Squid Game: Review

It’s 2021—that quirky fix of Menippean horror-thriller is long overdue.

Thankfully, the wait is over. Squid Game, directed and written by Hwang Dong-Hyuk, crafts its characters artfully, slaughters them surgically, dunks you in despair, and makes you marinate in fear.

Gi-Hun (Lee Jung-Jae) is our goofy, Shaftesburian protagonist with a gambling addiction, a broken family, and a concerning amount of faith in humanity. One day, the chance to flip his fortune presents itself in a series of games to win millions—games of death against 455 other players like him.

Along the way, he meets an eccentric old man (Oh Yeong Su), an old childhood friend (Stephen Fu), an immigrant worker (Anupam Tripathi), a North Korean refugee (Jung Hoyeon), and a host of allies and enemies desperately in need of money. The cast, in general, does a mesmerising job of bringing the script to life and portraying their characters’ gritty lives. My favourite performance is from Jung Joyeon; it’s always hard to play the cool, stoic character, but she performed so well, I am only slightly ashamed to admit that I cried my eyes out.

Although the kick of existential dread and thanatophobia is present in Squid Game, the series offers far more. I write this because similar death games can be easily found in other works, such as 2014 horror As the Gods Will or 2009 film Kaiji, which also follows a kind-hearted gambler forced to play death games whilst observed by rich capitalists. What distinguishes Squid Game is the heart put into its production, from the design of the sets, to the evocative original soundtrack (OST), to the engaging characters.

The sets are the crème de la crème of this production. I don’t think it would be possible to convey the contrast between innocent childhood games and selfish Hobbesian adults without the artfully crafted sets that the games take place in. My favourite was the brightly-coloured, postmodern stairs that lead to the game arenas. The narrow, meandering stairs can only comfortably fit one person at a time. It makes both the contestants, and the staff policing the contestants, walk in straight, orderly lines—in other words, they are depersonalised, like products on a conveyor belt.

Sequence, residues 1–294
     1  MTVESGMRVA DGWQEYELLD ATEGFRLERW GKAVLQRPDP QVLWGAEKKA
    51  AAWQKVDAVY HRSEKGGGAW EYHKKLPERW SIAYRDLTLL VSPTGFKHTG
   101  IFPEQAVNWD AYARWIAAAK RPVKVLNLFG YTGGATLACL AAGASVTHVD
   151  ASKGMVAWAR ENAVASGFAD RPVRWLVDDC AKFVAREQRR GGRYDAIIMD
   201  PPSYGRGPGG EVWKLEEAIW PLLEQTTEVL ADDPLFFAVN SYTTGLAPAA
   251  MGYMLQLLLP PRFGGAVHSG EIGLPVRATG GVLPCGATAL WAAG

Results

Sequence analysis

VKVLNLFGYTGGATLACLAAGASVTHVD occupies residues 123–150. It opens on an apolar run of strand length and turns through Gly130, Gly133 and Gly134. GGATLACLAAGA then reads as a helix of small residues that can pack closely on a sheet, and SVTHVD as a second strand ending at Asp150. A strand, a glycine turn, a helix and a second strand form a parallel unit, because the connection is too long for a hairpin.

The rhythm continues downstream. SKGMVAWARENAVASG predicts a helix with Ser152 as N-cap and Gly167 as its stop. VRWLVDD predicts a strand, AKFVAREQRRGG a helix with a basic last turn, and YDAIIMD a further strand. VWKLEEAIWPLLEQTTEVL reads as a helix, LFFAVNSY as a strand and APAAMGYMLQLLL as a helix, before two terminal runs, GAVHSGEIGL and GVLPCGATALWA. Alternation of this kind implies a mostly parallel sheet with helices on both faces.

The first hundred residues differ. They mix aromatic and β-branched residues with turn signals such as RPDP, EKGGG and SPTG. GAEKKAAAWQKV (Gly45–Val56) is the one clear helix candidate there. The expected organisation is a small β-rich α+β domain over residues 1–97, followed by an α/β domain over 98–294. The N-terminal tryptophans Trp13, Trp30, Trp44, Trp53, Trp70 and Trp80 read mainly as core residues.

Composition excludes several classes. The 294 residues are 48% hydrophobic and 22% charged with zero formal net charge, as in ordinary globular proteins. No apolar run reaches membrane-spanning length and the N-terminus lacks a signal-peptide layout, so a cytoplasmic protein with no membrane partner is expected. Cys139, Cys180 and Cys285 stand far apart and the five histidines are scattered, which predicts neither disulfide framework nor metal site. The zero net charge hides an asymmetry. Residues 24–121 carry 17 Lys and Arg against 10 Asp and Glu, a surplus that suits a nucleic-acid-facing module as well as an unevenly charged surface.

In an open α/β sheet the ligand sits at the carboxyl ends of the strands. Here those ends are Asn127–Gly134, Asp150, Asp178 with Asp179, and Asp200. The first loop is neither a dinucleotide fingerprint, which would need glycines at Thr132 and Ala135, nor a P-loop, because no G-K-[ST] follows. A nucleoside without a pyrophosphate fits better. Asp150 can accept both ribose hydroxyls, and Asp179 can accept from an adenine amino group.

If the moral debates or vibrant sets don’t stick in your mind, the OST will. The combination of techno, Korean drums, and classical music haunts the viewer ceaselessly. Especially The Blue Danube because it is so overplayed— fun fact, it also featured in the famous death game film Battle Royale (2000). Jokes aside, even when you’re listening to the whir of the heater, or that shrill sound your hairdryer emits, your brain will helpfully supply the harrowing harmonisations signifying the entrance of those red-robed staff.

Speaking of staff, another aspect of this series I enjoyed was its focus on the operation of the game-masters among the players. Very often, the game-masters and staff are kept off-screen and mysterious. Here, they are depersonalised humans with their own secret motives. Staff members sell the organs of dead players. The donors of the games are shamelessly shallow and spout the cringiest literature quotes searchable on Google. Little can be said because I am waiting for these characters to be better developed in season 2, but the tiny details are appreciated.

I never expected an evocative satire of society to be in the form of a horror-thriller centred around death games, but Squid Game did exactly that. It suits nearly no one’s and everyone’s taste in its glorious eccentricity. Series like this aren’t created all the time; I highly recommend witnessing it.

Image credit: Pabian via Wikimedia Commons